One of the things that probably kept Florida’s new senator, Mel Martinez, too busy to notice his staff writing memos was his vote to drill in the Arctic National Wildlife Refuge. He claimed he sold out Alaska in order to save Florida, but the state’s other senator, Bill Nelson, scoffed and said all Mel did was take credit for protection that was set to expire anyway.
Nelson continues trying to get real preservation.
Sen. Bill Nelson, D-Melbourne, sent a tersely worded letter to Interior Secretary Gale Norton on Thursday…
In the letter, Nelson complained that Norton failed to respond to a previous request from him and that her staff had been dismissive of his inquiries.
“I’m surprised you haven’t responded directly, and that your staff seems to feel it would be a waste of our time to discuss the issue before you make your decision,” Nelson wrote.
Nelson wants Norton to say that a large chunk of the eastern Gulf of Mexico, south of Pensacola and west of Tampa, will be included in the moratorium on new drilling off the Florida coast that expires in 2012.
But wait a minute, didn’t Mel already bag that?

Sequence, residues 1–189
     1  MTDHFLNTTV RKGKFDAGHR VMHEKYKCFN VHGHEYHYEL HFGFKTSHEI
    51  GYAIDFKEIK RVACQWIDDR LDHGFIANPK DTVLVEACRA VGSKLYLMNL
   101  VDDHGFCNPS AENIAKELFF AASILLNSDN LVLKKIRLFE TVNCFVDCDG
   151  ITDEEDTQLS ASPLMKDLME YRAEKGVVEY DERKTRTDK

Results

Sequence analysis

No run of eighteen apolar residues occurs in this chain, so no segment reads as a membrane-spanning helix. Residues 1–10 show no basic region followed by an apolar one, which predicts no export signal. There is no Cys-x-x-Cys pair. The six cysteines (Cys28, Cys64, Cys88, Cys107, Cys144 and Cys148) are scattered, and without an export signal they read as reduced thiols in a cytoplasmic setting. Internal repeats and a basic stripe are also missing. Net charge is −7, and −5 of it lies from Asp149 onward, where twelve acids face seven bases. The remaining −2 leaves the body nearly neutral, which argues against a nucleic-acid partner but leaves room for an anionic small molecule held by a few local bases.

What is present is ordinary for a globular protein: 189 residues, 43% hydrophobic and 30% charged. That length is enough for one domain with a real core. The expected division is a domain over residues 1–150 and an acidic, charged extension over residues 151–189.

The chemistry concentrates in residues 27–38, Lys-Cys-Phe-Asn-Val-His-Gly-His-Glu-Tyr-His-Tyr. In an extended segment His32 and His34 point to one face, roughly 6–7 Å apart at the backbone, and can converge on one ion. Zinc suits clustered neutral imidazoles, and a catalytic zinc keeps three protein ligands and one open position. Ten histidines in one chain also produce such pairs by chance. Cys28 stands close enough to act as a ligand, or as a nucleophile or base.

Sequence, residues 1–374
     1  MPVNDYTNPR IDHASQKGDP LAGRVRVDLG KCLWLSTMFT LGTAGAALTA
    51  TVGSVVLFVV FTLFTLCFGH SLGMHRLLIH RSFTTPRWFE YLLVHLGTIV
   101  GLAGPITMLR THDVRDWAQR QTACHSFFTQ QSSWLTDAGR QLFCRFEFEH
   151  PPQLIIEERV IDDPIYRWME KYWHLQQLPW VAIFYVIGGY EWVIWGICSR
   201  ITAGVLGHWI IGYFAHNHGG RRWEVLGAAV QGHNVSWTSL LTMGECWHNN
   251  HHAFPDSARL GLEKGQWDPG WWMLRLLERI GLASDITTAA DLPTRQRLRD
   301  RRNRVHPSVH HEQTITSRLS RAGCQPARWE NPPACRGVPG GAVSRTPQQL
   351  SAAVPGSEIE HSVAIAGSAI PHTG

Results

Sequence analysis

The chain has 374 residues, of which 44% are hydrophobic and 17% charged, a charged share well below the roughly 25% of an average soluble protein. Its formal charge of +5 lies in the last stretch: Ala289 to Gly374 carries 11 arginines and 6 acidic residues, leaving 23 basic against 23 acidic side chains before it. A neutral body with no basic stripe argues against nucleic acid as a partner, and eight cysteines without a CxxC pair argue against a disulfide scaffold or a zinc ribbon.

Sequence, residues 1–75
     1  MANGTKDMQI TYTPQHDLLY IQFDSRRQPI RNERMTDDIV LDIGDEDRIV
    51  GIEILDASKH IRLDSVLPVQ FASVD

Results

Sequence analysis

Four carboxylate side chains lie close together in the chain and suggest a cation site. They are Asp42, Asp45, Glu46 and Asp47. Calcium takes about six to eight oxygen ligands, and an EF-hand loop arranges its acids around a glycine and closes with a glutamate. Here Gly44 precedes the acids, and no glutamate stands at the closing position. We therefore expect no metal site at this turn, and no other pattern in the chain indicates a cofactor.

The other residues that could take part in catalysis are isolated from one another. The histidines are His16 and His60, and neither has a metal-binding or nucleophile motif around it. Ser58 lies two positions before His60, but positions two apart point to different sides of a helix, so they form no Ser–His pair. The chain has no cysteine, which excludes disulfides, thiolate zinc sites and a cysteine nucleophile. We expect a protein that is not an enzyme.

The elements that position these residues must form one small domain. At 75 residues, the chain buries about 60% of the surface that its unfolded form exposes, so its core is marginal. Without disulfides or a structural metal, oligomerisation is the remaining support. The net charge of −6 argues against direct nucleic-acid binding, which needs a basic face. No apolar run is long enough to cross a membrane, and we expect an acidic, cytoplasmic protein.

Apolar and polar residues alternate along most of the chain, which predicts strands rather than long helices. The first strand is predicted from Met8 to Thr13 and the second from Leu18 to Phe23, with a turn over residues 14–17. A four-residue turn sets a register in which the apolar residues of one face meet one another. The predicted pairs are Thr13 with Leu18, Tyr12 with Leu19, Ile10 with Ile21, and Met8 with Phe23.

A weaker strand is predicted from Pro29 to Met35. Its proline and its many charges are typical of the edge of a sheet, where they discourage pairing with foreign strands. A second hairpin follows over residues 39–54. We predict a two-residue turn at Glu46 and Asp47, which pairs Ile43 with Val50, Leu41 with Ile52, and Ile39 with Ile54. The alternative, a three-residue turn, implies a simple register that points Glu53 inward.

Triggering Nelson’s concern are recent media accounts that reported the Interior Department plans to include the area in the comprehensive five-year oil and gas leasing program that covers 2007 to 2012.
“They are starting to develop the leasing plan now,” said Mark Ferrulo, director of Florida PIRG (Public Interest Research Group), which for years led opposition to drilling off Florida’s coast.
The issue is being raised as Congress attempts to craft an energy bill which includes nothing about conservation but plenty of tax breaks for the energy industry. South Florida Sun-Sentinel:
The House voted to dispense billions of dollars of tax breaks for energy producers, rejected new standards for fuel efficiency and approved relatively few incentives to develop alternative energy sources. One of the most controversial provisions would shelter from liability the makers of a gasoline additive that is polluting water supplies…
The bill would provide $8.1 billion of tax breaks over 10 years, mostly for oil, natural gas, coal and nuclear industries. It also calls for $2 billion to fund research into oil and gas recovery in deep waters in the Gulf of Mexico.